Unpleasant Vibrators Need Not Apply
August 12, 2014 | by Dan Piepenbring
From The Library Assistant’s Manual, a guide by Theodore Koch “issued on the occasion of the 61st annual meeting of the Michigan State Teachers’ Association, Ann Arbor, October 30–November 1, 1913.”
Qualities that unfit one for library work in general are physical weakness, deformity, poor memory, a discontented disposition, egotism, a lack of system in one’s method of work, and inability or unwillingness to take responsibilities, a tendency to theorize, criticize, or gossip, inability to mind one’s own business, fussiness, and long-windedness.
One librarian advocates listing the virtues and personal qualities of the staff and apprentices by having a questionnaire like the following filled out for each assistant:
Has she tact?
Has she enthusiasm?
Has she method and system?
Is she punctual?
Is she neat?
Is she kind?
Is she a good disciplinarian?
Is she sympathetic?
Is she quick?
Is she willing to wear rubber heels?
Is she a good worker?
Is she accurate?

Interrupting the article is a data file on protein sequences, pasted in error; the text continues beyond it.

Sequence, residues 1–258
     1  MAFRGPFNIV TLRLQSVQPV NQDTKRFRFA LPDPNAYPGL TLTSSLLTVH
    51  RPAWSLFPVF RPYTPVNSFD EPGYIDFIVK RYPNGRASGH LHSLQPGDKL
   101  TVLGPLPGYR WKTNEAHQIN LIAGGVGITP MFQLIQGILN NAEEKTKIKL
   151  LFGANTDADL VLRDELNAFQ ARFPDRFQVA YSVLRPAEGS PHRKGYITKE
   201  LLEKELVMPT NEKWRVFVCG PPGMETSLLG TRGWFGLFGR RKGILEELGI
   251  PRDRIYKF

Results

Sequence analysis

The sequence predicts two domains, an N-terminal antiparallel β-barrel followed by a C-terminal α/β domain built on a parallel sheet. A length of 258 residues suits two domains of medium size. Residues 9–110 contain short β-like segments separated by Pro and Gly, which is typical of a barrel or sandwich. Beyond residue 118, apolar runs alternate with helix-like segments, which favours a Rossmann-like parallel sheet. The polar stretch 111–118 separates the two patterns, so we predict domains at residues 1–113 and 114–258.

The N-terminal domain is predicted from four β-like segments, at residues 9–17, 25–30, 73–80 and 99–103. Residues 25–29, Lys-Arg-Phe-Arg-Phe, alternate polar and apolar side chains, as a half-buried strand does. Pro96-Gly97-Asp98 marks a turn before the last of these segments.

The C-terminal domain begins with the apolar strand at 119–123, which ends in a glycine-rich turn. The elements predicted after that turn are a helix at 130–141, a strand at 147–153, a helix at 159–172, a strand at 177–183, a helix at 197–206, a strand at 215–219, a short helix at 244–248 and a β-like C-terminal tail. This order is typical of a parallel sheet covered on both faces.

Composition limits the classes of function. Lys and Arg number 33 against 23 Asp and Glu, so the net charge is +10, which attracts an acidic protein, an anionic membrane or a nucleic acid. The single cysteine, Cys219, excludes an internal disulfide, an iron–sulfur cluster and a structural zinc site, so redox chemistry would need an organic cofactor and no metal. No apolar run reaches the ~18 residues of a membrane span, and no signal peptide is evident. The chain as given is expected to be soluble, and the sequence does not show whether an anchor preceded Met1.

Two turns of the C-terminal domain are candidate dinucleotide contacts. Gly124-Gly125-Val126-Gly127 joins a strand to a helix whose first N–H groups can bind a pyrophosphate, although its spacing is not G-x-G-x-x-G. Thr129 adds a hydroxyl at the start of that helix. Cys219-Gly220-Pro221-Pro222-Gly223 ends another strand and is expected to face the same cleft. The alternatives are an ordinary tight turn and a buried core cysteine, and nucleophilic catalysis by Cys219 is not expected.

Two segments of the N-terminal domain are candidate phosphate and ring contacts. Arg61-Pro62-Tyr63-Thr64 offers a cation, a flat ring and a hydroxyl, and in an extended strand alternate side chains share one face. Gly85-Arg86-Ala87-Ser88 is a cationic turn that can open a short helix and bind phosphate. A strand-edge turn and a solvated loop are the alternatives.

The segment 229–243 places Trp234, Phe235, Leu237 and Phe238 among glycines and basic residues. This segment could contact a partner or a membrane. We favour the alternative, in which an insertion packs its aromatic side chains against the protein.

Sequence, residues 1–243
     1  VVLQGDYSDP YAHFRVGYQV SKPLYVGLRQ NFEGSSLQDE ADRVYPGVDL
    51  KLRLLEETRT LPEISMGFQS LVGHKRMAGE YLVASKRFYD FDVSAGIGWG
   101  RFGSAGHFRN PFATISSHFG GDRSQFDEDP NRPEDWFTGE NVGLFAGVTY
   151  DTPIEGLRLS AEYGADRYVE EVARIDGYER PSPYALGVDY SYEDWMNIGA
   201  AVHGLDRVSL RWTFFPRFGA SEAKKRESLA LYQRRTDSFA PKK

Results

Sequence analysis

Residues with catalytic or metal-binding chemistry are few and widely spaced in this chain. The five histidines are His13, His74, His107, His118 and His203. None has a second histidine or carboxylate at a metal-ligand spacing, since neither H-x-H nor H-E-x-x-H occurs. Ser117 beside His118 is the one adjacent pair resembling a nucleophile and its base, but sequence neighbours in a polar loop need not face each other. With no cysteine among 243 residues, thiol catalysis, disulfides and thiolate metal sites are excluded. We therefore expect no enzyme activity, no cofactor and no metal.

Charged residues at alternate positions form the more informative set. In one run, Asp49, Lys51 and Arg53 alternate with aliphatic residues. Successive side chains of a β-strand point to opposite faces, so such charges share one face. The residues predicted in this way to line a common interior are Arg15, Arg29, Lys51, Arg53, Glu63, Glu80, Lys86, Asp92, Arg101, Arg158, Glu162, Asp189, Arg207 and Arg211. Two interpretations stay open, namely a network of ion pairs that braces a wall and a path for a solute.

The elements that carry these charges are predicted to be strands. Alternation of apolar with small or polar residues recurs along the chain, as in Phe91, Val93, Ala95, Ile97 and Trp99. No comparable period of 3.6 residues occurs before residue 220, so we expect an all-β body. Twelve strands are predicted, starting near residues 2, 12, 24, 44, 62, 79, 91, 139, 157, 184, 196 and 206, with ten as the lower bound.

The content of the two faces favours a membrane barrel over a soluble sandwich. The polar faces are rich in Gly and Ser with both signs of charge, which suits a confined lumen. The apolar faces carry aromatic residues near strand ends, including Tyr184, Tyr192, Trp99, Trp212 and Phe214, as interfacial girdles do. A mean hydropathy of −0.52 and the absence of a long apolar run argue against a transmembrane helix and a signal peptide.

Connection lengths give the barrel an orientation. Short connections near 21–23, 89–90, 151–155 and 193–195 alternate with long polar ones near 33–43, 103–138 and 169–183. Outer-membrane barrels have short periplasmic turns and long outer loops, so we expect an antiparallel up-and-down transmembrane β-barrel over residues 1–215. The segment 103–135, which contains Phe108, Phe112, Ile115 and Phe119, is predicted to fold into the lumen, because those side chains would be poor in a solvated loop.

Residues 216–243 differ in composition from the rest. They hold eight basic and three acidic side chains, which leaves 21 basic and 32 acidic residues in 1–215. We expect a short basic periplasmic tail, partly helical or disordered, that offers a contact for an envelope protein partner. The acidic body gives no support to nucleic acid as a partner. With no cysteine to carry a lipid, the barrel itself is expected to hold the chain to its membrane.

Has she a pleasing personality?
Has she a sense of responsibility?
Is she patient?
Is she courteous?
Has she self control?
Is she cheerful?
Has she a knowledge of books?
Are her vibrations pleasant?
Has she executive ability?
Can she speak French, German, Spanish, Italian, Yiddish?
Has she social qualifications?
Can she keep a petty cash account?
What are her faults?
Mr. Herbert Putnam, Librarian of Congress, gives the following advice to aspirants for library positions:
“First, secure the best possible general education, including, if possible, a college course or its equivalent; second, acquire a reading knowledge of at least French and German; third, add to this a training in a library school; fourth, if a choice must be made between the special training in a library school and a general course in a college, choose the general course, but make every effort to supplement this by the special course if only for a brief period; fifth, if an opportunity occurs for foreign travel, utilize it; sixth, if you have not been able to contrive either a thorough general education or special training, your best opportunities in library work will be in a small library where your personal characteristics may be such as to offset these other deficiencies; seventh, without at least a fair reading knowledge of French and German you cannot progress beyond the most subordinate positions in a large library.”